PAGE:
Unfortunately, it misses the mark. For all its wonderful remixes, Super Smash Bros. suffers from an enormous number of mediocre, forgettable tracks (the rest of the music from the game). Although some tracks are quite bouncy and enjoyable, such as "Training Mode" and "Bonus Game", there are no tracks that will stick out in one's mind. All it just basically is is music you would expect from a tournament fighter soundtrack, although the attitude of the music is much lighter than games of this type (such as Street Fighter, Mortal Kombat, and Nintendo's own Killer Instinct). However, the selling points of the soundtrack are the rearranged tracks, which at least boost the music up to a level of greatness, though nothing that will earn it the word spectacular.

I am also irritated at the presentation of the album release. It's a two-disc set, and all the songs from the game are included, but I didn't like the way it was handled for the album. First, there are a lot of tracks (such as "Ancient Kingdom Stage" and "Ness's Victory~Battle Results") where one selection of music immediately follows another (probably to save up album space), which is completely annoying every time I hear it. What if you want to hear a certain track individually? (Even the remixes of the classic songs suffer from this problem; the stage clear fanfare follows the song on each track.) Second, "Opening" is not music-only; it sounds like someone recorded this song *while* loading up the game. In other words, you'll hear distracting sound effects over the last half of the song (which includes the announcer corresponding to the Japanese release of the game and the crowd cheering). It is disappointing that a track like this would suffer from this problem. Third, only half of the second disc is music only, and the other half is the sound effects collection tracks (which is longer than it *has* to be, but then again, there are a lot of sound effects in this game, and much of them are different slightly from the American release). Fourth, the music on the second disc, the arranged versions, are just club versions of only *four* tracks from the game... and one of them is excruciatingly painful to listen to. That track is the "Yoshi's Island Stage", which suffers from featuring the obnoxiously high-pitched, Munchkin-sounding voices of the Yoshis making their battle noises. And there are some horrible instruments and interludes. (At least the Yoshis don't break into song; that would have made this track far worse.) The other three tracks are nowhere nearly as intolerable, but they're not anything outstanding either. All these flaws plague what could have been a decent album release, making it a mixed bag of tricks.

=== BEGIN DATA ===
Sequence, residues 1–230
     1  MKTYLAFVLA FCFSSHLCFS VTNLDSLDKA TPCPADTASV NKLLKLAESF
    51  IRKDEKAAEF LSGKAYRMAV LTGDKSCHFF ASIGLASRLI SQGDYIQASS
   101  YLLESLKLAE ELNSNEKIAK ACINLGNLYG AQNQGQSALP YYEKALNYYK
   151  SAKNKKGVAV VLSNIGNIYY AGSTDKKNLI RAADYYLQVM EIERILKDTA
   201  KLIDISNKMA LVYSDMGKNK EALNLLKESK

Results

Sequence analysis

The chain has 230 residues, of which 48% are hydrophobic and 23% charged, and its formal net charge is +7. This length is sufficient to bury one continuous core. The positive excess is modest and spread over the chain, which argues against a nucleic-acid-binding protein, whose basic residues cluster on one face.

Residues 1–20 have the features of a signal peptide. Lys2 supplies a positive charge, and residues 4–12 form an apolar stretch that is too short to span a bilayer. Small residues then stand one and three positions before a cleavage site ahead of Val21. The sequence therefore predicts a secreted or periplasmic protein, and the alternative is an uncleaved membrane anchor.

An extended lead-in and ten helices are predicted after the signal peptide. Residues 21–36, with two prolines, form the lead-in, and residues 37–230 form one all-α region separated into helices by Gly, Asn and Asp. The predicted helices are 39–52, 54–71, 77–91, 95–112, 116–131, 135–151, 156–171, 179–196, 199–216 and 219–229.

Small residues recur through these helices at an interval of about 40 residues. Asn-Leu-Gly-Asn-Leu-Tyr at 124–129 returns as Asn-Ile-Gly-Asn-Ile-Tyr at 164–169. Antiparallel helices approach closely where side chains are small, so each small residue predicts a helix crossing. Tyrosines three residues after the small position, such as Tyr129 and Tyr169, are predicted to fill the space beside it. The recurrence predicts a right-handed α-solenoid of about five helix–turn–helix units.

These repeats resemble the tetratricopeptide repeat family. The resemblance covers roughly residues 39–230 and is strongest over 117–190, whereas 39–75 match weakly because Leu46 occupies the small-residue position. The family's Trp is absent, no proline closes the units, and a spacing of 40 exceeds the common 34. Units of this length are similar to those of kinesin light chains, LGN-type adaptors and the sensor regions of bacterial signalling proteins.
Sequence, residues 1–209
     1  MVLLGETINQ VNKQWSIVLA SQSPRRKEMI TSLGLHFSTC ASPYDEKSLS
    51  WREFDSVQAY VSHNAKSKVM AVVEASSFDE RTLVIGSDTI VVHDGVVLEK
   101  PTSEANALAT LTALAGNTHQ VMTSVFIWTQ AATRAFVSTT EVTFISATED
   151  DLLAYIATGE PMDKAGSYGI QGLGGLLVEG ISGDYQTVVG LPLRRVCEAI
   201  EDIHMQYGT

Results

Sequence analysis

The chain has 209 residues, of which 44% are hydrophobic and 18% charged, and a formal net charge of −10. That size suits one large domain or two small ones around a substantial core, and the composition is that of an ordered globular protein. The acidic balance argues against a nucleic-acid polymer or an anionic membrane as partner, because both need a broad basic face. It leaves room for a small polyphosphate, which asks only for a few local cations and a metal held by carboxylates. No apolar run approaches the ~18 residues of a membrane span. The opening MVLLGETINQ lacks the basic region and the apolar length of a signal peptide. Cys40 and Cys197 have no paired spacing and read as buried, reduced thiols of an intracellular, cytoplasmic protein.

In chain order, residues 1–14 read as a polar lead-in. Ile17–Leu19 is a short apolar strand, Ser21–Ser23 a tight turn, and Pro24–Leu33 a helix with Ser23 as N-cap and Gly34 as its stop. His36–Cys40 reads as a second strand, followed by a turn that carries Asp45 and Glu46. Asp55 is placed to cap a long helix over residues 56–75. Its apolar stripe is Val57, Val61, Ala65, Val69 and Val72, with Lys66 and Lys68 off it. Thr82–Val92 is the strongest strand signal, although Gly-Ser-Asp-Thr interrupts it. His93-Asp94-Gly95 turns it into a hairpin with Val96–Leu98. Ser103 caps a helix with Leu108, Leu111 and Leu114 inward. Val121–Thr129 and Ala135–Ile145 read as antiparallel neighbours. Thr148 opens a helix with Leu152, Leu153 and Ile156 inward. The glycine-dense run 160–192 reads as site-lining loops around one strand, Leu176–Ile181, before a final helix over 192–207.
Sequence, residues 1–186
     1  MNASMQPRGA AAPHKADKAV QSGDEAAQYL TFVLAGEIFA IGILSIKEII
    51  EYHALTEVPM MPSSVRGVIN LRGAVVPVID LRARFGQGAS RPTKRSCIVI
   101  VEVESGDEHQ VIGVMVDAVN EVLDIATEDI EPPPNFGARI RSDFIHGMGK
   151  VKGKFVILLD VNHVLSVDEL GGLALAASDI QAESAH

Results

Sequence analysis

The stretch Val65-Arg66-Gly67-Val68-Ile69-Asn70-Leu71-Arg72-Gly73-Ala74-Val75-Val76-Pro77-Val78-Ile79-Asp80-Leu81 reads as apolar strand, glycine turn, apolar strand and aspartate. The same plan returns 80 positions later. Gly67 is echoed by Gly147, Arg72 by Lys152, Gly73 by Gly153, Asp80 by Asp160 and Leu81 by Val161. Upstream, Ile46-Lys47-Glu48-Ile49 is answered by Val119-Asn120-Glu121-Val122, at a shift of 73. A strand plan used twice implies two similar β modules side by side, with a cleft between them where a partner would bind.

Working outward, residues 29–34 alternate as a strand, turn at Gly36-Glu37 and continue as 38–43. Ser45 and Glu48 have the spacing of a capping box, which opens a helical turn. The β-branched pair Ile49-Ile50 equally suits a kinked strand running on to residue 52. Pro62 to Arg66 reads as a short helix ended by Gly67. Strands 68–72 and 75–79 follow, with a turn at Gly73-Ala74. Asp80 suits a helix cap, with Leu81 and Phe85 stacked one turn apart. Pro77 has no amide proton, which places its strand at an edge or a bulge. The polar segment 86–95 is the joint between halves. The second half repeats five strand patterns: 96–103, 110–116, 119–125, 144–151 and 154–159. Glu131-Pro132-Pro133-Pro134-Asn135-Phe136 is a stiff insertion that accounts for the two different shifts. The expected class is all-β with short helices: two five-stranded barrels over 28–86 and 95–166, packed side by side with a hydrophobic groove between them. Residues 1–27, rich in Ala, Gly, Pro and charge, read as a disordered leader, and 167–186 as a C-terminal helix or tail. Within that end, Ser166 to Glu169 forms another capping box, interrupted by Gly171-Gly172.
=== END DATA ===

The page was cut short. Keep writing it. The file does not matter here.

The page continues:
Does this mean that Nintendo All-Star! Daibunto Smash Brothers Original Soundtrack is an album to skip? Not at all; the remixes of the classic Nintendo themes warrant the purchase of the soundtrack altogether, and far overshadows the so-so incidental music. But the album presentation dampens this soundtrack greatly, which will probably cause mixed reactions from biased fans who believe what soundtracks *should* be like. Avoid the hype surrounding the soundtrack and purchase it only for the good tracks. It may be expensive since it's a two-disc set, but don't let that prevent you from experiencing what is an overall delight for Nintendo buffs. If you were disappointed by the quality of much of the Nintendo 64 soundtracks, you won't be disappointed by Super Smash Bros.